Last time I was writing about finding the time to code regularly. Now I want to write how 100 Days Of Code can help in that.
The challenge has 2 main rules:
- code minimum 1 hour for 100 days in a row
- tweet about your progress with hashtag #100daysofcode
When I started my first round there were some additional rules, so it quickly helped me to avoid the "tutorial hell" and make some friends on Twitter.
Those additional rules were (at least I remember them like that):
- it counts when you work on side projects more than when you only watching tutorials,
- interact with at least 2 people daily on Twitter who take part in this challenge.
If you code every day and tweet about your progress, don't forget to comment or at least like other people's tweets about the same challenge.
It is easier to stick to it when you feel a sense of community and you're amongst people with similar interests.
So this challenge is not only for code newbies. It is also for people who want to learn a new framework or programming language outside their work. But as I can see, it is the most popular among people who want to go into the programming world.
You can read more on the official website: https://www.100daysofcode.com/
We don't have to build a website or an application from day one. The project can be to learn to create simple websites in HTML and CSS or to learn Python and we CAN use tutorials for this. But the best way to learn anything is to solve problems. And we should use tutorials where we have to solve problems with minimal help only.
If you have never coded before and want to try, there are plenty of websites where you can do it for free.
The best resources (in my opinion) are with interactive editors to write the code. They present small chunks of material and then you have to use things you've learnt to build small projects.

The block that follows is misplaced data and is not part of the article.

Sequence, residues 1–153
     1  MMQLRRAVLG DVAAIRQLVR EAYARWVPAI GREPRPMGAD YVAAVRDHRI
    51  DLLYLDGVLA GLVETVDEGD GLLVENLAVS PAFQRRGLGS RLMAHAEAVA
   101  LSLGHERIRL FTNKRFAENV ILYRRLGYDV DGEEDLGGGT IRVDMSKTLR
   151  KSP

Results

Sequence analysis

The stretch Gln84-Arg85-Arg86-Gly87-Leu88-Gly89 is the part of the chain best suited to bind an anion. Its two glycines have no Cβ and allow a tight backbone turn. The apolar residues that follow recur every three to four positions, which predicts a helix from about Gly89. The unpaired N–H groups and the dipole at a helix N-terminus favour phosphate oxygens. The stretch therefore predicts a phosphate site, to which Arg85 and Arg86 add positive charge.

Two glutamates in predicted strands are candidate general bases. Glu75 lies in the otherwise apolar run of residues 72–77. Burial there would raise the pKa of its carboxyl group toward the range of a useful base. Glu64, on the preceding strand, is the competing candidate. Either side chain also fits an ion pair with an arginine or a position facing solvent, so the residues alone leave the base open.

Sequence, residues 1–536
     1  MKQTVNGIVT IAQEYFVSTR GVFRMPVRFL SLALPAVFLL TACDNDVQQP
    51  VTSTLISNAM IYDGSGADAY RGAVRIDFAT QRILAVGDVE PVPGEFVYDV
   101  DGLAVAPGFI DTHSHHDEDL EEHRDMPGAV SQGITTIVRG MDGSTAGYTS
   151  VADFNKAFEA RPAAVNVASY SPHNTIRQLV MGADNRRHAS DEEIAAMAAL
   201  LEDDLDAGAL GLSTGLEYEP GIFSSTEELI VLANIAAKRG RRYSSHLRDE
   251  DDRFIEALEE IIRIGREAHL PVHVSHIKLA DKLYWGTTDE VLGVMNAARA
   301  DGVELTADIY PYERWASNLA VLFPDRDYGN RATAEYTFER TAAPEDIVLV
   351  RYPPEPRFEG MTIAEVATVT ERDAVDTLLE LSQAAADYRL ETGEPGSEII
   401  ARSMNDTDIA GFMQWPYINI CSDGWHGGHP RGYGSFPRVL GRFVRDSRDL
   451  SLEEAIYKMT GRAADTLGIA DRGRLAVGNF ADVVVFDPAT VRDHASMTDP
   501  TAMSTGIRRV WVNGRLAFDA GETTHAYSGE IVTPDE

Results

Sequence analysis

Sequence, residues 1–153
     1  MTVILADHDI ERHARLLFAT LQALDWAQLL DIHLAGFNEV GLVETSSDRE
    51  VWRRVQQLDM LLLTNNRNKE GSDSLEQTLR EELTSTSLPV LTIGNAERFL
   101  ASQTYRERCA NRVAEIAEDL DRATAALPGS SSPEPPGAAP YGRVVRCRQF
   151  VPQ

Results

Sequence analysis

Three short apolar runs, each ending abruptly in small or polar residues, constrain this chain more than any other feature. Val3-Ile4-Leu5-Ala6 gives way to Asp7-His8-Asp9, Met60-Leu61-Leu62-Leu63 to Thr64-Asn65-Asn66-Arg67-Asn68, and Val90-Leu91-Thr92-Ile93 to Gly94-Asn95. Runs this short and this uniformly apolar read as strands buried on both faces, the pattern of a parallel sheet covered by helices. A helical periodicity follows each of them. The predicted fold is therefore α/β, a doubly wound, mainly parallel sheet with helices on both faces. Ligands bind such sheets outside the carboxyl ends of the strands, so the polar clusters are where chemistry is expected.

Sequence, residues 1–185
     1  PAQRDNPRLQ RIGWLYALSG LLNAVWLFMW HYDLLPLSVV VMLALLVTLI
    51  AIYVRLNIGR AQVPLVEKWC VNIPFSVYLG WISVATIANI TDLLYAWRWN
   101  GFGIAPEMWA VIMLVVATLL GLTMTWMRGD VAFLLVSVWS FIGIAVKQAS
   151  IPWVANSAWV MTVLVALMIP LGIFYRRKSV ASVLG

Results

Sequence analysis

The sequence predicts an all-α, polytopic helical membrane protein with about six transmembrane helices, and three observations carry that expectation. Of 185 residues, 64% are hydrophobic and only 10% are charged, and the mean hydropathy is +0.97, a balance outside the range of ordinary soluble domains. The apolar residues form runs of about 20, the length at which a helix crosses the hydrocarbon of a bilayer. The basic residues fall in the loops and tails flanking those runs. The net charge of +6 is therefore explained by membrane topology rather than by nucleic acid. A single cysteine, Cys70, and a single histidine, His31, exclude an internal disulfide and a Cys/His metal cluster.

Codecademy has a few languages to try. https://www.codecademy.com/learn
Parts of their courses are free and even more paid ones with projects. I don't like their subscription model but everyone should evaluate it on their own.
Another excellent place to start learning is
FreeCodeCamp https://www.freecodecamp.org/. Everything there is free - interactive exercises, projects, certificates, great forum/community.
And we shouldn't forget about KhanAcademy. They have lessons on computer programming and computer science. https://www.khanacademy.org/computing/computer-programming
There are many more platforms that can help you learn to code but those are my top 3.
You can also use 100 Days Of Code to be better at solving problems. One way of doing it is solving coding exercises.
If you're stuck, there are always resources that can help you solve the problem. And you can also read the solutions if you're willing to lose (or don't earn) some points.
Reading other people solutions is also a great way of learning and reading code in small bits.
Posting even a few sentences about things you're learning is also learning in public. We can feel a bit uneasy with it. But I think it's great to overcome that feeling.
- One of the benefits I've already mentioned is making friends. If you start interacting with people, you will start talking to many or a few more and more often.
- When you commit to something publicly, you think about it more often and the probability that you start doing it is higher. In that way, you start creating a new habit.
- If you have a problem on your way because you feel low, unmotivated or stuck, you can also seek help amongst other participants of 100 days of code challenge.
Have you tried 100 Days Of Code challenge? Do you think it can help in your coding journey?